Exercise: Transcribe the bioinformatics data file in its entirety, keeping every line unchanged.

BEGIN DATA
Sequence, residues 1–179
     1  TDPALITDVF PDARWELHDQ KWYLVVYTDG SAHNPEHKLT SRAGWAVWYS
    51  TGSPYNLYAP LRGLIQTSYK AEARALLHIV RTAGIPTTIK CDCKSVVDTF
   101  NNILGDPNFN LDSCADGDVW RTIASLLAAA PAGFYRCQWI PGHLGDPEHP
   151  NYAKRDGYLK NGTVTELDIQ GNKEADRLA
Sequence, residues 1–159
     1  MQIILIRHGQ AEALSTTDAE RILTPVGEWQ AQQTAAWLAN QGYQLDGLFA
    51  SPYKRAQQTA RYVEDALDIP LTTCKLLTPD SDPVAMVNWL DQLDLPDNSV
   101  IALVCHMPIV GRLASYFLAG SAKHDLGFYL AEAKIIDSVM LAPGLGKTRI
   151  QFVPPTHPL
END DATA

Sequence, residues 1–179
     1  TDPALITDVF PDARWELHDQ KWYLVVYTDG SAHNPEHKLT SRAGWAVWYS
    51  TGSPYNLYAP LRGLIQTSYK AEARALLHIV RTAGIPTTIK CDCKSVVDTF
   101  NNILGDPNFN LDSCADGDVW RTIASLLAAA PAGFYRCQWI PGHLGDPEHP
   151  NYAKRDGYLK NGTVTELDIQ GNKEADRLA
Sequence, residues 1–159
     1  MQIILIRHGQ AEALSTTDAE RILTPVGEWQ AQQTAAWLAN QGYQLDGLFA
    51  SPYKRAQQTA RYVEDALDIP LTTCKLLTPD SDPVAMVNWL DQLDLPDNSV
   101  IALVCHMPIV GRLASYFLAG SAKHDLGFYL AEAKIIDSVM LAPGLGKTRI
   151  QFVPPTHPL